If you're thinking of opening a restaurant that is part of a franchise, keep in mind that you will have to operate under far more restrictions than if you opened your own independent restaurant. You will be subject to a franchise contract which you should expect to favor the franchisor, and which likely will give the franchisor rights to:

  • decide where other competing restaurants will be located
  • block sale of your franchise to a particular prospective buyer
  • choose the geographic location where any disputes will be resolved, and
  • require you to buy all of your goods and services from the franchisor.

Along with the restrictions contained in the franchise contract, you should keep in mind the additional financial costs of a franchise. In exchange for being given a preexisting business plan, getting certain help as needed when running the restaurant, and benefitting from group marketing, you will be required to pay out a substantial amount of your profit to the franchisor. More specifically, apart from a large initial franchise fee, expect to be required to pay the franchisor:

  • a percentage of your profits as a royalty
  • an above-market cost for equipment, goods, and supplies purchased from the franchisor
  • finance charges on those same purchases
  • training fees for you and your employees, and
  • contributions to a fund for group advertising.

If you are considering starting a restaurant as part of a franchise, investigate the franchise as thoroughly as you can, including reviewing closely the federally-required franchise disclosure statement.


Most restaurants have employees and, in many cases, there can be relatively frequent turnover, particularly among waitstaff, bussers, and similar positions. You should inform yourself about basic employment law issues such as illegal discrimination, workers compensation, and how to handle the hiring process. With regard to hiring in particular, learn how to:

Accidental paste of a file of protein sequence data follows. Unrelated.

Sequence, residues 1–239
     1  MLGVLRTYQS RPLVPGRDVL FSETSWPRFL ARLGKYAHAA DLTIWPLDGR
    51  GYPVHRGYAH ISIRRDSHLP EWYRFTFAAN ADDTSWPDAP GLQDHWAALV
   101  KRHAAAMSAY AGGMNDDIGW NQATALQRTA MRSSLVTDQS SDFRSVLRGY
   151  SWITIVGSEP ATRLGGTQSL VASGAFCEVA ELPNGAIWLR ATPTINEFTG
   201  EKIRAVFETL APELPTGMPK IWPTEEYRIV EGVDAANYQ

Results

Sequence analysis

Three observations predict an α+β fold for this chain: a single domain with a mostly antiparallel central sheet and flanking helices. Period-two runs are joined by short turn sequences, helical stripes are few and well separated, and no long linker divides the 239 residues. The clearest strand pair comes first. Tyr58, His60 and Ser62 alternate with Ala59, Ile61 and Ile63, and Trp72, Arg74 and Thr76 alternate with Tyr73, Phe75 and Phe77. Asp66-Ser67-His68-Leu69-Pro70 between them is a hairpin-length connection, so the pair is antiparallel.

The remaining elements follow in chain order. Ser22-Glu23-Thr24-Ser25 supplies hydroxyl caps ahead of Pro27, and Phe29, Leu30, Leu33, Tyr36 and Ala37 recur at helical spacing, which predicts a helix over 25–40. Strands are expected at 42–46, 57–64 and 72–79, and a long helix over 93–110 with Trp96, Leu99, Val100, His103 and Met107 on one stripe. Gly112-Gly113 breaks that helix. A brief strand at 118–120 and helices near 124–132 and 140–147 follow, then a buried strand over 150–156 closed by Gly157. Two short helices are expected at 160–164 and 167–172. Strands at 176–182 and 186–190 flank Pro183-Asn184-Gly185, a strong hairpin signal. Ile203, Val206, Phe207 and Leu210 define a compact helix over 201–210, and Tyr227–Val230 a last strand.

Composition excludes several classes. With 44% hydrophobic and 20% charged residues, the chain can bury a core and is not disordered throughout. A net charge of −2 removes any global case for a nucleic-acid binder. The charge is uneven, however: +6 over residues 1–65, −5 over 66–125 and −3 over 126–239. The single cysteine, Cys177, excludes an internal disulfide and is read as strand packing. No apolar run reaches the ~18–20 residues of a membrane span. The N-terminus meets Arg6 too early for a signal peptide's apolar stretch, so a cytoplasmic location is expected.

• create a useful job application that does not include illegal questions
  • check references or make other preemployment inquiries -- again without violating privacy laws or otherwise seeking illegal information, and
  • ask interview questions that are both useful and legally permissible.

Keep in mind that there are some employment laws that are specifically relevant to restaurants, such as minimum wages for tipped employees, as well as rules regarding various training and exams related to food establishment personnel.

Limited information about both federal and state regulations in such areas as equal employment, safety, wages, and labor posters for Texas employers is available on the Texas Wide Open For Business website.

A good resource for general employment issues is The Employer's Legal Handbook, by Fred Steingold (Nolo). Also, many key employment laws are administered through the Department of Labor, and there are a variety of informative webpages within the Department of Labor website.